U.S. Citizen Kidnapped in Afghanistan


An American citizen living in Afghanistan was kidnapped on his way to work in the country’s capital city on Sunday, according to Afghan security officials.

The unknown gunmen kidnapped the American in the Karte Char district of Kabul, reports Khaama Press, an Afghan news agency.

Mohammad Almas, head of the Kabul police department’s crime investigation unit, said the kidnappers posed as members of the Afghan security forces, donning their uniforms, to trick the victim into stopping his vehicle.

The same tactic was used in April, when Taliban insurgents infiltrated an Afghan army base dressed as soldiers and killed up to 140 people, mostly Afghan military personnel.

Police officials initially said the American worked with the World Bank on a project for the Afghan Ministry of Agriculture, however a spokesman for the World Bank, Alex Ferguson, denied the claim.

“No World Bank staff have been kidnapped,” Ferguson told ABC News. “Our understanding is that these reports refer to an employee of the Ministry of Agriculture and Livestock (MAIL) who is working for the National Horticulture and Livestock Project (NHLP), which is funded by a World Bank managed trust fund.”

Another similar kidnapping occurred in August of last year, in which two professors from the American University of Afghanistan—Kevin King, 60, an American and John Weeks, 48, an Australian—were kidnapped in Kabul by the Taliban.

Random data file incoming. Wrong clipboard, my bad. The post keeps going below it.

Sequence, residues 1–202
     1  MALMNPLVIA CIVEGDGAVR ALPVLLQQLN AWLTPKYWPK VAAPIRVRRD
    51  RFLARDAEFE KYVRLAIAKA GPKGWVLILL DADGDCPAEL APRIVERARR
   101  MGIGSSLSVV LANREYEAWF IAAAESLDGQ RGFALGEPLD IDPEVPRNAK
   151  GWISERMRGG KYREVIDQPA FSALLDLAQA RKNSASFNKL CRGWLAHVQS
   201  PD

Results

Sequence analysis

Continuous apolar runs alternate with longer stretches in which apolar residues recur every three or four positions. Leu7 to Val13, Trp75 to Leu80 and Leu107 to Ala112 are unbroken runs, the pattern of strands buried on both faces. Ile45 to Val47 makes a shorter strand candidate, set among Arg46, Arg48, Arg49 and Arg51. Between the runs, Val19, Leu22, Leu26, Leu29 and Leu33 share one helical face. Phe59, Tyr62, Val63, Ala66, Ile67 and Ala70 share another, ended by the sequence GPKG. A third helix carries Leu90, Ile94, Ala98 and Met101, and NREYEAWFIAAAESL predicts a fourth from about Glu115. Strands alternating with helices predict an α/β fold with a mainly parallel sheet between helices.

The professors were driving through West Kabul when several gunmen approached the vehicle, one of whom smashed the passenger window with the barrel of his gun and pulled the men out of the car. The abductees’ driver and bodyguard were not harmed in the incident.

On Wednesday the Taliban released its second video of the hostages, according to a jihadist monitoring firm SITE intelligence.

In the video, King asks President Trump to “Have mercy on me and get me out,” later pleading for him to “not send any commandos,” according to SITE.

Weeks, addressing Australian Prime Minister Malcolm Turnbull, asks him to “speak to the Taliban, negotiate with the Taliban. I know you are able to do this.”

The first video was released in January, the first confirmation from the captors they they were holding the two Westerners. That footage was similar to that released Wednesday, with the hostages pleading with Western political leaders.

In both videos, the location of the filming is unclear, as is the date the footage was captured.

“If we stay here for much longer, we will be killed,” Weeks said in the footage from January. “I don’t want to die here.”

The risk of kidnapping is high for foreign nationals in Afghanistan, especially in the capital city. Two other Australian women were also abducted by unknown assailants in 2016.

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Contributed by Will Porter of The Daily Sheeple.

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